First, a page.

Vincent Cumberworth BSc FRCS Consultant Ear, Nose and Throat Surgeon
Clementine Churchill Hospital Sudbury Hill Harrow Middlesex HA1 3RX
Private Secretary: Tel: 020 8872 3866 Fax: 0208872 3861

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The adenoids are an area of lymphoid tissue which sit high at the back of the nose and are thinner in nature than the tonsil tissue.

If they are excessive in size they can cause blockage of the nose with snoring and rhinorrhoea (running nose) and also can even be large enough to have an effect on the ear.  This occurs when they block the medial, inside, opening of the Eustachian tube preventing adequate ventilation of the middle ear this process leads to absorption of air and secretion of fluid.  Furthermore there may be a small possibility of ascending infection from the adenoids up the Eustachian tube to the middle ear.

Adenoids do generally reduce in size relative to the post-nasal space, partly due to their reduction and also due to a growth in size of the skull base, around the age of 5 – 7.  Consequently “isolated” adenoidectomy is not a common procedure, although it may be combined with myringotomy and grommet procedures for glue ear if the adenoids are large, with the intention of reducing the risk of recurrence of glue ear.  The procedure may also be combined with tonsillectomy if the adenoids are large; occasionally adenoidal obstruction can be a contributory factor to obstructive sleep apnoea.

Adenoidectomy is generally avoided in children weighing less than 15kg, typically approximately three years of age, because of the small risk of blood loss during or after the operation. There is no upper age limit, but the adenoidal tissue usually shrinks to become minimal by teenage years.

The operation is performed under general anaesthesia and typically done as a day case, although as a tonsillectomy procedure is performed as well, there is a slightly higher possibility of needing to stay in hospital overnight.  One week’s absence from school would be recommended.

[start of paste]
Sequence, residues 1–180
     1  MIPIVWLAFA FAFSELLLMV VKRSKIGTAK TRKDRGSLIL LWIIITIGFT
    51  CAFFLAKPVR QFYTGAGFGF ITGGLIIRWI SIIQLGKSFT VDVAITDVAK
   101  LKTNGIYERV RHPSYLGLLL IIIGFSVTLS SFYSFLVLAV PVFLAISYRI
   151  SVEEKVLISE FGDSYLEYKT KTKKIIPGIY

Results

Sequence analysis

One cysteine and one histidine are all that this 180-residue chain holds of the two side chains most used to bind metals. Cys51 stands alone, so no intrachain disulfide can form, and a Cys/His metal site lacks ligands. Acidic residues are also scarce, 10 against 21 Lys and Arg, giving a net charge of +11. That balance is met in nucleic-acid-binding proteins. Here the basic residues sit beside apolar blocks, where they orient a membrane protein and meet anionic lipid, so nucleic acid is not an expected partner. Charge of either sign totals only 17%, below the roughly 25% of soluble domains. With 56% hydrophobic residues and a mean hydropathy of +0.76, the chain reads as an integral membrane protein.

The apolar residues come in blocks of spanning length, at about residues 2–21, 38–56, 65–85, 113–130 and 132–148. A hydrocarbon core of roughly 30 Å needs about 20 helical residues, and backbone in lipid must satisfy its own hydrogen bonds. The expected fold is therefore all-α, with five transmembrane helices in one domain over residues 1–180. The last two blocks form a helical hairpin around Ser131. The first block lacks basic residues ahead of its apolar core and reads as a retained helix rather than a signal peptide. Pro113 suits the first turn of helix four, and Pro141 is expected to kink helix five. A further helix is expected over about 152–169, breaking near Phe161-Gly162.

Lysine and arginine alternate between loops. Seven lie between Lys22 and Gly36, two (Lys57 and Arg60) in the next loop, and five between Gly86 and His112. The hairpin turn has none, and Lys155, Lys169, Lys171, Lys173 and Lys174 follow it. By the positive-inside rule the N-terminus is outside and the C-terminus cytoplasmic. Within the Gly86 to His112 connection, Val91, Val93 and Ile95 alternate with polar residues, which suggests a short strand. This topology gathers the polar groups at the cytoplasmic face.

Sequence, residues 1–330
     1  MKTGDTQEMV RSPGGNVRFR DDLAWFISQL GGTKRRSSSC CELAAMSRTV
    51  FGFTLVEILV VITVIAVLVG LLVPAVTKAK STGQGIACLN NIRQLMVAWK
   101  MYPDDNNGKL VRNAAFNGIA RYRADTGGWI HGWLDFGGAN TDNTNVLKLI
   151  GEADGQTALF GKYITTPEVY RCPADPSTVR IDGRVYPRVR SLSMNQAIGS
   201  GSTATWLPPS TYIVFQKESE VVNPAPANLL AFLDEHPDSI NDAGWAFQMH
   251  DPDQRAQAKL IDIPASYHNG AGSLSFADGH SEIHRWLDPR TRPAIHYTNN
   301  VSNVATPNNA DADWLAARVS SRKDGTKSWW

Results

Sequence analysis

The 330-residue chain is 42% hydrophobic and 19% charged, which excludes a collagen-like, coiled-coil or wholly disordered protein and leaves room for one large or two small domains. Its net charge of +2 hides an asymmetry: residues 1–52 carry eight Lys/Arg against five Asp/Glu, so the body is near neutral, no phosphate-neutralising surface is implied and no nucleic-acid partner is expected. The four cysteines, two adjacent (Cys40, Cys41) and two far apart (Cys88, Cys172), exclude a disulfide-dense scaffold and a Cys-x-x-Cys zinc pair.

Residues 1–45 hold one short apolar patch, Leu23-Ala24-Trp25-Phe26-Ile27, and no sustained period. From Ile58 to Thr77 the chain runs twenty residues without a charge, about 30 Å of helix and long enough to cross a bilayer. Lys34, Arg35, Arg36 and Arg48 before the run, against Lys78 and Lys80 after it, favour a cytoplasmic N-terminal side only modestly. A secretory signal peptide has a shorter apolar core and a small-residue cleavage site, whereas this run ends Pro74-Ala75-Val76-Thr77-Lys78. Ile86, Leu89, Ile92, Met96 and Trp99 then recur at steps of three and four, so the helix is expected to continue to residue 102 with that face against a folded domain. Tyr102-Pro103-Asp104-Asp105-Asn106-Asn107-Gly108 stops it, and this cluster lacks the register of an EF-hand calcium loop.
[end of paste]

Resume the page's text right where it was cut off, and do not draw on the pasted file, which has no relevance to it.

The traditional technique is to use a curette, a special type of surgical cutting device. This is a safe technique, although a consideration for small children having the operation is that the blood loss may be marginally higher at the time of surgery.  Suction diathermy and Coblation dissection have the possible advantage of less blood loss at the time of surgery.

There are small risks with any adenoid surgery; “primary” bleeding can occur within the first 24 – 48 hours after the procedure, which sometimes necessitates a return to theatre.  Typically this occurs no more frequently than in around 1% of cases.  In 10 – 15% of cases there is a risk of a secondary bleed which may occur 7 – 10 days after the operation.  This can require reattending a local hospital or A and E Department.  It is very important to inform the medical and nursing staff if a child has any unusual bleeding or bruising problems, or if there is any familial history of this type of problem.

As with tonsillectomy, if there are any loose teeth these can be dislodged and it is helpful to know about such teeth and also if there are any caps or crowns.

A further unusual complication is of rhinolalia operta, where there is a slight nasal escape of speech.  Typically this settles spontaneously, although sometimes it requires a little speech therapy.  The adenoid size is assessed by the surgeon pre-op in theatre, whilst the child is asleep, and also care is taken to make sure that there is no submucous cleft in the palate: if this is the case the decision may be made not to proceed with surgery to minimise this specific risk.

Unlike tonsillectomy, there is generally minimal significant associated discomfort. Typically 2 to 7 days off school are advised following the surgery; most children are discharged home on the day of surgery. They should rest at home, away from crowds, smoky places and people with coughs and colds.